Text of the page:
It's not the number of add-ons that counts, it's what each brings and takes specifically.
Working great in Firefox 48.0.2 64 bit with e10s activated in Windows 8.1.
Multi-process is also disabled in my Firefox 49.0b12 b4-bit on Arch Linux 64-Bit.
People use it? I consider myself fairly tech literate, but really only opened the task manager in Chromium so see how it looks like and then closed it. I assume it could be useful if one tab hangs, use it to kill that particular tab, but usually for me if one tab hangs the whole browser becomes unresponsive, or crashes. For what it is, it’s good nonetheless, like monitoring RAM usage of extensions..
Point is: If you have a multi-process browser… only one single tab hangs, while the GUI doesn’t, so you can open up this extension and kill the hanged tab (aka the single process).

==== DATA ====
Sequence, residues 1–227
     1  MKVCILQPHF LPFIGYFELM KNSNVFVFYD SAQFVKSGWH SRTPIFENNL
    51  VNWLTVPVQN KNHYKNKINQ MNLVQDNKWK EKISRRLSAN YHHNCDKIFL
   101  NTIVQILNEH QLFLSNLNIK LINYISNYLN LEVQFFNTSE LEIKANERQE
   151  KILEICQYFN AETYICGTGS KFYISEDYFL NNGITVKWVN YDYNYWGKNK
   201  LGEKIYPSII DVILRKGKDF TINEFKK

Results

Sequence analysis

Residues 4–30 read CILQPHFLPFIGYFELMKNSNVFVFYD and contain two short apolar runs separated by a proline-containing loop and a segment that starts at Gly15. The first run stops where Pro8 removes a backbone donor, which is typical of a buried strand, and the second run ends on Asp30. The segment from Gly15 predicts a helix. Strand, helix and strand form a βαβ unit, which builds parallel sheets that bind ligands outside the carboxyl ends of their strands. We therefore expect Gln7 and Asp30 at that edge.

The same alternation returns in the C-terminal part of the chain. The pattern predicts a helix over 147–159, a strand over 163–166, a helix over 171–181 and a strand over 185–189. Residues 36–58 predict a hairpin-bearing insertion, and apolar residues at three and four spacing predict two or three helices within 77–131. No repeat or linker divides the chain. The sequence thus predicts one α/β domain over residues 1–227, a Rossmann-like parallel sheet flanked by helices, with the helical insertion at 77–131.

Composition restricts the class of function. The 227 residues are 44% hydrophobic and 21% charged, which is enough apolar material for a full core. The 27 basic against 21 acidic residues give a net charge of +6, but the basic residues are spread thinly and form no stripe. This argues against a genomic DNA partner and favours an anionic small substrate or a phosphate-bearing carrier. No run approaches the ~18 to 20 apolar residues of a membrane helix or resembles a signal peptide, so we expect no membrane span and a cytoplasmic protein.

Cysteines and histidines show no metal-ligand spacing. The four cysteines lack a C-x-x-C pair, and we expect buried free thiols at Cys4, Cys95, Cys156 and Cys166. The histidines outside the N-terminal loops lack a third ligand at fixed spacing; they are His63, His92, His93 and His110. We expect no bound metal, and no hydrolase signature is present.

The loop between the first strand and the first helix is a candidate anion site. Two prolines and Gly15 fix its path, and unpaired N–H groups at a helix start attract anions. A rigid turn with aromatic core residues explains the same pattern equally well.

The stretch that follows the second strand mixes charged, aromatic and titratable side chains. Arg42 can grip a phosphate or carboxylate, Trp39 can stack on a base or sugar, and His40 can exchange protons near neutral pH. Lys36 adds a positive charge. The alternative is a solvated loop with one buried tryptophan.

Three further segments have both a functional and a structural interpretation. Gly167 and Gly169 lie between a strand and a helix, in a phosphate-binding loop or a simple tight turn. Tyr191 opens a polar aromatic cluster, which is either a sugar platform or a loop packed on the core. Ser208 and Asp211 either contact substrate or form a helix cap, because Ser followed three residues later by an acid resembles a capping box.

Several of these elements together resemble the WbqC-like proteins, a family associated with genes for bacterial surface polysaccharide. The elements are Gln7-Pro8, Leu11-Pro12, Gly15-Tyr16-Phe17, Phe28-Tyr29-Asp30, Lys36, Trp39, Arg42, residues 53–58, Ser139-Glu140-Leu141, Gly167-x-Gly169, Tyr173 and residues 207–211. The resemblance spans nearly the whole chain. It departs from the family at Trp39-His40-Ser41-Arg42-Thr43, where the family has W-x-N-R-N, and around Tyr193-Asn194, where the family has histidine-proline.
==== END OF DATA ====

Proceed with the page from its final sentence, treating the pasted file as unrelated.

The question I posit to you in reply: why should you even need an extension for that? If you’re were to use a multi-process browser, the interface would not be affected by a frozen tab, so you should always be able to close the tab directly and achieve the same result. Any browser that doesn’t even offer this basic functionality is something to be avoided. I haven’t tried the Firefox e10s builds though, so I can’t comment on the quality of its multi-process design and user-friendliness.
I think the Task Manager in its current form is more about listing how much RAM each site uses. It would be more useful if you could kill plugins/add-ons as well, but that is not possible currently.
Firefox’s interface is not super responsive if a site crashed, and that is only if the crash does not take the whole browser with it. This should not happen anymore with e10s but things can still lag or be really slow especially with only one content process currently.
I did not run in crashes yet after enabling e10s, but will monitor the situation closely and report back on e10s effectiveness, or lack thereof, in this regard.
The link in the Closing Words paragraph loads a blank page (?)
Sorry for that, corrected. The link is https://www.ghacks.net/2016/09/05/firefox-51-shows-memory-usage-of-individual-processes/